Japanese solar building up resiliency against curtailment


Japan's Mitsubishi Corp. and Japanese utility Kyushu Electric Power Co. are teaming up with Tokyo-based battery supplier NTT Anode Energy (NTTAE), a subsidiary of Japanese telecoms group Nippon Telegraph and Telephone Corp. (NTT), to use grid-scale battery storage to reduce the impact of solar curtailment on the island of Kyushu, in southern Japan.

“By spring 2022, solar power curtailment has been carried out in Kyushu region, where solar power spreads even earlier in Japan,” Mitsubishi said in a statement. “Solar power curtailment has been carried out in several regions other than Kyushu, such as Shikoku, Chugoku and Tohoku area in Japan.”

Japan's Ministry of Economy, Trade and Industry (METI) issued its first “Power Crunch Alert” for the Tokyo Region in mid-March, after an earthquake hit the area.

“Under these unstable circumstances, effective utilization of excessive electricity should be one of the essential ways to secure stable power supply,” Mitsubishi explained. “Considering the situation, we have agreed into collaboration to establish a business model to utilize grid-scale battery storage for restriction of solar power curtailment and trading electricity in various electricity markets.”

The three companies plan to use grid-scale battery storage installed by NTTAE, in order to effectively use excess power and stabilize power supplies. The first 4.2 MWh facility will be deployed in Fukuoka and is expected to begin commercial operations in February 2023.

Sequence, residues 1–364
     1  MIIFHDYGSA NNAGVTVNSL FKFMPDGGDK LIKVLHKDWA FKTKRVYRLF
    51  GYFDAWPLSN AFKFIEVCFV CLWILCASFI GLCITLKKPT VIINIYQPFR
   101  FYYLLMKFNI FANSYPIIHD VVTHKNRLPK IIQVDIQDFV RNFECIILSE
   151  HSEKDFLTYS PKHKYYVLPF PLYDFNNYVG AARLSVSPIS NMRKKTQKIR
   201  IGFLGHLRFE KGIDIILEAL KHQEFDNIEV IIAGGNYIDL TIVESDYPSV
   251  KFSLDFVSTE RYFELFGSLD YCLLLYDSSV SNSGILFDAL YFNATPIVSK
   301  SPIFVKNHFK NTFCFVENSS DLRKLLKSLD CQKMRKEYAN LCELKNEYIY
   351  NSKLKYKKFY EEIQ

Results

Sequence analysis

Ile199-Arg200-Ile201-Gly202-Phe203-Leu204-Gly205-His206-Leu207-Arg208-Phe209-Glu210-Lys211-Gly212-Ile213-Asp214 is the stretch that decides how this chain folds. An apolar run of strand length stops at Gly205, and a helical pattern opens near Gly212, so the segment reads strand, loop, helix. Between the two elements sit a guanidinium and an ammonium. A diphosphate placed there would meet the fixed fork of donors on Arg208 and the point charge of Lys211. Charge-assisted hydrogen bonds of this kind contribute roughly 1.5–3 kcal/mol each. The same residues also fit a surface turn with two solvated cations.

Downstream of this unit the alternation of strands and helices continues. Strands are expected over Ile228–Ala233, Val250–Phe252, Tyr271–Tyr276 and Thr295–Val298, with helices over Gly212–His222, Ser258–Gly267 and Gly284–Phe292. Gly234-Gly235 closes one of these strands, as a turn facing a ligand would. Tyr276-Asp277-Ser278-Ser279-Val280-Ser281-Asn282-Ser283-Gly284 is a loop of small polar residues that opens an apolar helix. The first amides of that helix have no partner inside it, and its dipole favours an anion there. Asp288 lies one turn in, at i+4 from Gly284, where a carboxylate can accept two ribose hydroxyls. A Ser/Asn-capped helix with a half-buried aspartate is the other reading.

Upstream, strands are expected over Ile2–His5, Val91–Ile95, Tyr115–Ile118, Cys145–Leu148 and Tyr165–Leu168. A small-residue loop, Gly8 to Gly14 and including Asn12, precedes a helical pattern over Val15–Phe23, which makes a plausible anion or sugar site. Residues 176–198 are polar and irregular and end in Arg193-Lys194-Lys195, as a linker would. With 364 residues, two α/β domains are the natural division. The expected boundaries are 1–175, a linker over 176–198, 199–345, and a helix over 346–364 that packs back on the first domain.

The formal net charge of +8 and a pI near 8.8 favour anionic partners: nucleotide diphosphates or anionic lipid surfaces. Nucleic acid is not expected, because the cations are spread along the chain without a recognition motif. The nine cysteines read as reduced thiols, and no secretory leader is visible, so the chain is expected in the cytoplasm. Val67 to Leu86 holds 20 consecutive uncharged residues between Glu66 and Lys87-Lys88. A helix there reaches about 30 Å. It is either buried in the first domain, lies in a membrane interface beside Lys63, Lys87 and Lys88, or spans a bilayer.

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According to Japan's Institute for Sustainable Energy Policies (ISEP), the island of Kyushu had around 10.5 GW of PV and 600 MW of wind capacity installed under the country's feed-in scheme by the end of 2021. The curtailment rate in the region for the entire year was estimated at around 4.4%, up from 3.8% in the preceding year.

“In addition, about 4 GW of nuclear power generation is in operation at any given time, and the VRE output curtailment is also greatly affected by the operation of these nuclear power plants,” said ISEP.

The energy sources are curtailed on the island in the following order of prioritization: thermal, biomass, solar and wind, hydroelectric, nuclear, and geothermal.

“The use of pumped hydro storage and storage batteries is effective, but further promotion and optimization of online control of VRE, review of the minimum output of thermal power generation, demand response and virtual power plants are required,” said ISEP.

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